1. What new technological developments do you consider particularly relevant for our industry?
The combination of different technological developments is always what is important in the end. For example, “augmented reality”: this can be applied to the consumer/shopping sector, in projecting public space, but also in display of your own planned four walls. First configure, then build and finance might be a condensed statement, but one thing is paramount here: the willingness to deal with meaningful data collection and analysis. Technology is based on the availability of data. I venture the hypothesis that only very few in the real estate industry can imagine what power and business models are provided by data availability. When thousands of teenagers currently climb roofs or hunt in cemeteries in the “Pokémon Go” worlds, it’s only a matter of time until this approach is also reflected in buying behavior. BIM, Building Information Modeling, would be a second important pillar in this development phase.
2. Should PropTech startups cooperate with established real estate companies? How could cooperation look like?
Not initially, because it is precisely the charm and the disruptive element of start-ups that they just cannot develop in the bloated, leaden workgroups of large enterprises. In the entrepreneur phase, it would be counterproductive to orient themselves to the “big ones”. However, only few get access to the market. At such a point, meaningful cooperation with established companies can certainly be mutually beneficial. But cooperation in the long term always goes in the direction of a unity, i.e., the big one swallows the small one if there is success. This might only be in order to acquire know-how and employ it in the market thanks to sales capacity.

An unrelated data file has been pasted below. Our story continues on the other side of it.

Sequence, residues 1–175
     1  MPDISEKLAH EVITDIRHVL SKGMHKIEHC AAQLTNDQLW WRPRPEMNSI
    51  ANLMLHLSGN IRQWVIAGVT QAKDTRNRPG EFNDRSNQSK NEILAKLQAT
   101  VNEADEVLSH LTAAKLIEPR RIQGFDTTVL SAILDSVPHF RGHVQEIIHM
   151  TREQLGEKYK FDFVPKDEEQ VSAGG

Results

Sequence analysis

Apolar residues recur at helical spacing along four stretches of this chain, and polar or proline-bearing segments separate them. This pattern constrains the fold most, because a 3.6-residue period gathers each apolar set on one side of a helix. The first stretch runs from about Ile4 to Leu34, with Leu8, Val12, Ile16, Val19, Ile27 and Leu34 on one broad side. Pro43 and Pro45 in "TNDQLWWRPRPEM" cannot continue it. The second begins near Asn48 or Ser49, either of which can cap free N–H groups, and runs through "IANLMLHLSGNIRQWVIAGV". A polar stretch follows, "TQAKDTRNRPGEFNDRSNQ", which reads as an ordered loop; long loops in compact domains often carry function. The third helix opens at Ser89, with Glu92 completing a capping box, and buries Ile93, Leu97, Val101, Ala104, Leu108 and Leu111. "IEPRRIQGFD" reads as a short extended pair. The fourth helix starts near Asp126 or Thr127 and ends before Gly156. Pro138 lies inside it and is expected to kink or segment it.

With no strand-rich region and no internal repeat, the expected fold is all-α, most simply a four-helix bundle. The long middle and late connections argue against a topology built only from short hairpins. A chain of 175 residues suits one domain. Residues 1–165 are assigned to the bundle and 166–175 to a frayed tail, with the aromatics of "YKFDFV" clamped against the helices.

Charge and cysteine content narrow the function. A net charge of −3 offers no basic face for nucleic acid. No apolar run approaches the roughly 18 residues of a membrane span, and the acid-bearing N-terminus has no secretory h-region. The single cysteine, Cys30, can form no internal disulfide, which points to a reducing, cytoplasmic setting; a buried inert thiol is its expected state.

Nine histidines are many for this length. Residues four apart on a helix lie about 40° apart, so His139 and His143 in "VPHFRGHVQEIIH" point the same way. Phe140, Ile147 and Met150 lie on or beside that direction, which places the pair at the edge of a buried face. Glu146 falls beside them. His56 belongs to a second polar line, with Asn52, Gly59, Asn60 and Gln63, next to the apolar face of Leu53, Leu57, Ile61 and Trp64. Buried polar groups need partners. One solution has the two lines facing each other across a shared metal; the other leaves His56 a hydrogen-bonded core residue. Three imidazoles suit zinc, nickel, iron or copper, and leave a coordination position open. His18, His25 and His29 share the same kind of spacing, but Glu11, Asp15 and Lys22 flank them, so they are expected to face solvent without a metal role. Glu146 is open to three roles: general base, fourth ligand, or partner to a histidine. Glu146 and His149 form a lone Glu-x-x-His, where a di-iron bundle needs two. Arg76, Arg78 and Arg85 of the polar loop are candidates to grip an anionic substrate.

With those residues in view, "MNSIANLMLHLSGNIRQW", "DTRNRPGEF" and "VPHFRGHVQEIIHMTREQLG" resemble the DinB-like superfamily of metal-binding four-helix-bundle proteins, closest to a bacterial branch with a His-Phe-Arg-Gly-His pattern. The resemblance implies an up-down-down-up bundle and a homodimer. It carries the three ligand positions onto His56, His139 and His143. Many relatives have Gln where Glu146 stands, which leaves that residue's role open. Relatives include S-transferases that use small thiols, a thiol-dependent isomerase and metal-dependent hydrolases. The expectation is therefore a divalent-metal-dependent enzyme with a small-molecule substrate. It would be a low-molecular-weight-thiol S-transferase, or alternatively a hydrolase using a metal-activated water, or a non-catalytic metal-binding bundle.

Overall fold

3. How do you assess the current level of digitalization of enterprises in real estate investment and real estate asset management?
Given the fact that the term “digitalization” is undergoing the same process as the term “sustainability” 10 years ago—which causes many to roll their eyes today—it is currently more a catch-all term for everything disruptive, innovative and “something dealing with data”. That will surely change with gradual specification relating to individual segments of the real estate industry, but an honest answer is: We have not even begun to understand the opportunities in the approach; how should we then already speak about successes or the level of digitalization in individual industry sectors? Collectively, we are still in the Middle Ages: show me your data, and I’ll tell you how you are doing.
4. What can established companies learn from start-ups in the real estate industry?
Create an atmosphere which makes it possible for unconventional thinking far from executive board guidelines, accepts the possibility of failure, and also has considerable research budgets. Just one Berlin-based start-up alone that deals with the question of which technology is on walls (keyword: “thinking wallpaper”) has more research funding from industry than all real estate research departments in this country together have for “market research” in 2016. In other words: Although you can indeed create the basics with (research) money, often only flashes of inspiration from the outside will set accents. Important here is the much vaunted “creative milieu” – don’t we want that at EXPO REAL in October too? So that more new or adapted ideas are taken up …
Dr Thomas Beyerle is the MD of Catella Property Valuation GmbH as well as the Head of Group Research for the Catella group. He is a lecturer at various real estate academies and colleges, and has authored numerous articles and textbooks.